The memory I/F circuit 135 supplies, to the buffer memory 14, the image signal supplied from the camera image signal processing circuit 133. The I/F circuit 136 is connected to the detection circuit 132, the camera image signal processing circuit 133, and the face detection circuit 134 via a bus 138. For example, the I/F circuit 136 supplies, to the detection circuit 132, the ranging area control information output from the camera control unit 16.

3 Configuration of Camera Control Unit

An exemplary configuration of the camera control unit 16 is described next with reference to FIG. 3. That is, the camera control unit 16 includes a motion amount detecting sub-unit 161, a type information storage sub-unit 162, a type detecting sub-unit 163, a movement distance estimating sub-unit 164, and a ranging area control sub-unit 165. While the present embodiment is described with reference to the configuration of the camera control unit 16 shown in FIG. 3, the configuration is not limited thereto. For example, the camera control unit 16 may realize the functions of such hardware using software.

The motion amount detecting sub-unit 161 detects the amount of movement of the object on the basis of the image signal of the object. For example, the motion amount detecting sub-unit 161 detects a motion vector (the amount of motion and the direction of the motion) of the image on the basis of the image signal supplied from the camera signal processing unit 13. The motion amount detecting sub-unit 161 then supplies information regarding the detected movement amount of the object to the movement distance estimating sub-unit 164.

For example, the motion amount detecting sub-unit 161 determines whether the amount of movement of the object is greater than or equal to a half of the size of the current detection area of the object. If the amount of movement of the object is greater than or equal to a half of the size of the current detection area of the object, the motion amount detecting sub-unit 161 supplies the information regarding the detected movement amount of the object to the movement distance estimating sub-unit 164. In addition, if the amount of movement of the object is less than a half of the size of the current detection area of the object, the motion amount detecting sub-unit 161 directly supplies the current coordinate information to the detection circuit 132 of the camera signal processing unit 13 in order to increase the processing speed. Note that, in a mode in which a focusing operation is performed by touching the selection point detecting unit 22, the motion amount detecting sub-unit 161 may detect the amount of movement of the object on the basis of the coordinate information detected by the selection point detecting unit 22 and received from the HI control unit 20.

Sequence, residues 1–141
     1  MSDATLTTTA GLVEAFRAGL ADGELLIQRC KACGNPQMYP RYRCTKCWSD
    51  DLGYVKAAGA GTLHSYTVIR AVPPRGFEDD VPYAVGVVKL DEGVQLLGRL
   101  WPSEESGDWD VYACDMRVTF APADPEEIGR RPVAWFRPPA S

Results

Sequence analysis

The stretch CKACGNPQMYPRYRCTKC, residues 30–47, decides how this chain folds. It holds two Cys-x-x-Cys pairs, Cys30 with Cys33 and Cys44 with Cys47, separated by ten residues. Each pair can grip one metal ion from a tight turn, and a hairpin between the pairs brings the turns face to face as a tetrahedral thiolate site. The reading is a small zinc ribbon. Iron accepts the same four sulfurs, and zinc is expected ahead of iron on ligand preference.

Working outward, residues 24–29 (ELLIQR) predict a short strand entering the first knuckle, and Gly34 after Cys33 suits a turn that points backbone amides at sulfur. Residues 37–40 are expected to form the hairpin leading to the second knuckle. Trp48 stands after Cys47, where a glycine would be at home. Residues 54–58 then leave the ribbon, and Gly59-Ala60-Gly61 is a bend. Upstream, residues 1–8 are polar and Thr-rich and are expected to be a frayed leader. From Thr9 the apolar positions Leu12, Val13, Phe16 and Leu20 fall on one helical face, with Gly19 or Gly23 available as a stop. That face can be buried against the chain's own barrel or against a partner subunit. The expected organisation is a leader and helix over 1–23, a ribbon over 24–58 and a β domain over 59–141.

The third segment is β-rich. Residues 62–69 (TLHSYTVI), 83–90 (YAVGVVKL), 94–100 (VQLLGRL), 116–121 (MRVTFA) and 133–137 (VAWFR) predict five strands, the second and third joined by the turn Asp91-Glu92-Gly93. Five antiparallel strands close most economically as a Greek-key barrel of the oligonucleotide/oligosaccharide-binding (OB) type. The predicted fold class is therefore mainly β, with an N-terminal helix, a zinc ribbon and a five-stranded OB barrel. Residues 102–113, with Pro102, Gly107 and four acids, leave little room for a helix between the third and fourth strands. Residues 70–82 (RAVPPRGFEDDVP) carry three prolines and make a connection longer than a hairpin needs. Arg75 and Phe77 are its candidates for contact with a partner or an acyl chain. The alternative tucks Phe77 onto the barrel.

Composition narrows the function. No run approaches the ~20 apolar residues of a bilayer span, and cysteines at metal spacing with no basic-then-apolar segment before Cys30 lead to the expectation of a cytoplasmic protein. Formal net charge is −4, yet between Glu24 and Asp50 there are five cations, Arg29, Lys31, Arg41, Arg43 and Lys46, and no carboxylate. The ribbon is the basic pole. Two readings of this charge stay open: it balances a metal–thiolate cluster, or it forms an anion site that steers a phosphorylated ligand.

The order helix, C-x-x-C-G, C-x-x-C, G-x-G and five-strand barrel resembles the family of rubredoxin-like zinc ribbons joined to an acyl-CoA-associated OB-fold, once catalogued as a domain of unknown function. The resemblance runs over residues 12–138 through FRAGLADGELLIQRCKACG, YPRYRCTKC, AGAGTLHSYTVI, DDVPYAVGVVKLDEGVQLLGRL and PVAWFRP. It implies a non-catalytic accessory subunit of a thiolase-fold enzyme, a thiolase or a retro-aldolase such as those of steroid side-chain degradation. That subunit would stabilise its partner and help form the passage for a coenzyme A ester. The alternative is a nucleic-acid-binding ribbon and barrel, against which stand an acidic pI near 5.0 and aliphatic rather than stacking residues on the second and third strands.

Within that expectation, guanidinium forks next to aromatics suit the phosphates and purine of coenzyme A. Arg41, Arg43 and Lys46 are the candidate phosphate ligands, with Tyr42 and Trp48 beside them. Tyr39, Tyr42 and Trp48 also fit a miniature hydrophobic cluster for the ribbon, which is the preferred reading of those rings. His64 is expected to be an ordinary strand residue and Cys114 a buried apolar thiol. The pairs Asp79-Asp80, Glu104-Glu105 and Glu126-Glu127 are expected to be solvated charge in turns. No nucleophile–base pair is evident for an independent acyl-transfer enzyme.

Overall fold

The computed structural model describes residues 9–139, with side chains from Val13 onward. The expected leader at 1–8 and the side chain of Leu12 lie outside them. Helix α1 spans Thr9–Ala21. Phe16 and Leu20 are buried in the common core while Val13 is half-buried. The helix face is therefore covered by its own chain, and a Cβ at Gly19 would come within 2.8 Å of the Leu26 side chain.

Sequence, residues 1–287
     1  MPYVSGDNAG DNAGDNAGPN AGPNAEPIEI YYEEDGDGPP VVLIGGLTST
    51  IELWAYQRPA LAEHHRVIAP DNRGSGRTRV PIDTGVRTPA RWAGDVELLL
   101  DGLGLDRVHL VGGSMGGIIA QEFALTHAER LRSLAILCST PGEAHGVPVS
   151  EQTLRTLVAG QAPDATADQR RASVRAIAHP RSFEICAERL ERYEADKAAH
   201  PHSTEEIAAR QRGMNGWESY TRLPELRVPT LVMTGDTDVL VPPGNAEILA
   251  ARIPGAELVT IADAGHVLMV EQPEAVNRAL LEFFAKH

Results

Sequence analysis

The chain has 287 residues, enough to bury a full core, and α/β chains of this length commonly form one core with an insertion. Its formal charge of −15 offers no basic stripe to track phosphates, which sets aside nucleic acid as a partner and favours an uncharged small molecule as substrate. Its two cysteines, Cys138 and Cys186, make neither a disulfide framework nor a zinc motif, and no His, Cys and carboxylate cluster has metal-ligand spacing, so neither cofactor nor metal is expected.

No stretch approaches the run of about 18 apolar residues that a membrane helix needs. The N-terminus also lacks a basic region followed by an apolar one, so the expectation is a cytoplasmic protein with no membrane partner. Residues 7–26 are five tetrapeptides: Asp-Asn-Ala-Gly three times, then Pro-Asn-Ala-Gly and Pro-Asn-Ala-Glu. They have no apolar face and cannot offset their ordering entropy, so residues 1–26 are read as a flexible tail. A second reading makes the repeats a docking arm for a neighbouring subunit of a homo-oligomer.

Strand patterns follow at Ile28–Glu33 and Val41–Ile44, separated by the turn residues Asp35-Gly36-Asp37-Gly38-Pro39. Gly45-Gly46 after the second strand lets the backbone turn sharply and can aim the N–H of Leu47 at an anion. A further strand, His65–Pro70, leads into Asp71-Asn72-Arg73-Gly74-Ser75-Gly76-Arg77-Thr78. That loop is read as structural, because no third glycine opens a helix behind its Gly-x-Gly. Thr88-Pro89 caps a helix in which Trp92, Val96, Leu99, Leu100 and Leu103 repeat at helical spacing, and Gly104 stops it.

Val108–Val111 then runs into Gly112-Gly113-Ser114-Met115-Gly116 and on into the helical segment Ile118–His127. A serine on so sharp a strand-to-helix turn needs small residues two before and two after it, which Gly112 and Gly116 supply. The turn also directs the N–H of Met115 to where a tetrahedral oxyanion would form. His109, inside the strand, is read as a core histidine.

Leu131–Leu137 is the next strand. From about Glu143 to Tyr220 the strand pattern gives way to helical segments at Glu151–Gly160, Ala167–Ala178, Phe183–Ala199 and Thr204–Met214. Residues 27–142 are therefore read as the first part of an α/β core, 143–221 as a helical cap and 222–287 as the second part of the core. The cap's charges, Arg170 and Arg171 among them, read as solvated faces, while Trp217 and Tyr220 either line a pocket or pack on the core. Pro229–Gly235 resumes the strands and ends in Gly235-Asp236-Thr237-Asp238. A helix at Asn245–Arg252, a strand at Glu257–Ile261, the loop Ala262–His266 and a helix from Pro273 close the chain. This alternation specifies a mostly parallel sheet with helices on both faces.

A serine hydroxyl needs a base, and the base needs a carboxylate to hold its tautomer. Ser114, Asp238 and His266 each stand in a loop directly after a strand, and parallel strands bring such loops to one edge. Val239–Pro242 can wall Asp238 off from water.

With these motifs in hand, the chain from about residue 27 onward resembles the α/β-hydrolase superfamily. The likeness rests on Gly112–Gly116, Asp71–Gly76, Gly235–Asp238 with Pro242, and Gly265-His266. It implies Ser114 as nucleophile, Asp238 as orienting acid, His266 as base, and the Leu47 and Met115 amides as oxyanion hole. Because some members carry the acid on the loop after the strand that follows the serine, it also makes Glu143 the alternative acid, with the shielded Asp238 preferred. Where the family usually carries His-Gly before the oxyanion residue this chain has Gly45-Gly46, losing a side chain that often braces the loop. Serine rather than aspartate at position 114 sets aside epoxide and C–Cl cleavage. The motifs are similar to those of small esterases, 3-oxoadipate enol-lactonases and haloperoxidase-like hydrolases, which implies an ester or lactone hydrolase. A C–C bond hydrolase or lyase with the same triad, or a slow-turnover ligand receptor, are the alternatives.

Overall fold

The type information storage sub-unit 162 stores a plurality of type information items used for detecting the object type. Examples of the type information items stored in the type information storage sub-unit 162 include information regarding a movable object, such as a human face, a human body, the age of a human, a vehicle, and an animal. The type information storage sub-unit 162 supplies these type information items to the type detecting sub-unit 163.

The type detecting sub-unit 163 detects the object type on the basis of the type information items stored in the type information storage sub-unit 162 and the image signal of the object supplied from the camera signal processing unit 13. The type detecting sub-unit 163 then supplies the detection result regarding the object type to the movement distance estimating sub-unit 164.

In recent years, cameras having a function in which a ranging area tracks an object using a face detection function has been developed. However, in general, the movements differ in accordance with the object type. Accordingly, in order to improve the accuracy of a ranging operation on the object, it is desirable to correct the estimated movement amount in accordance with the object type. Therefore, the type detecting sub-unit 163, for example, detects the object type, such as a human face, a human body, the age of a human, a vehicle, and an animal, on the basis of the image signal of the object supplied from the camera signal processing unit 13 and the type information stored in the type information storage sub-unit 162.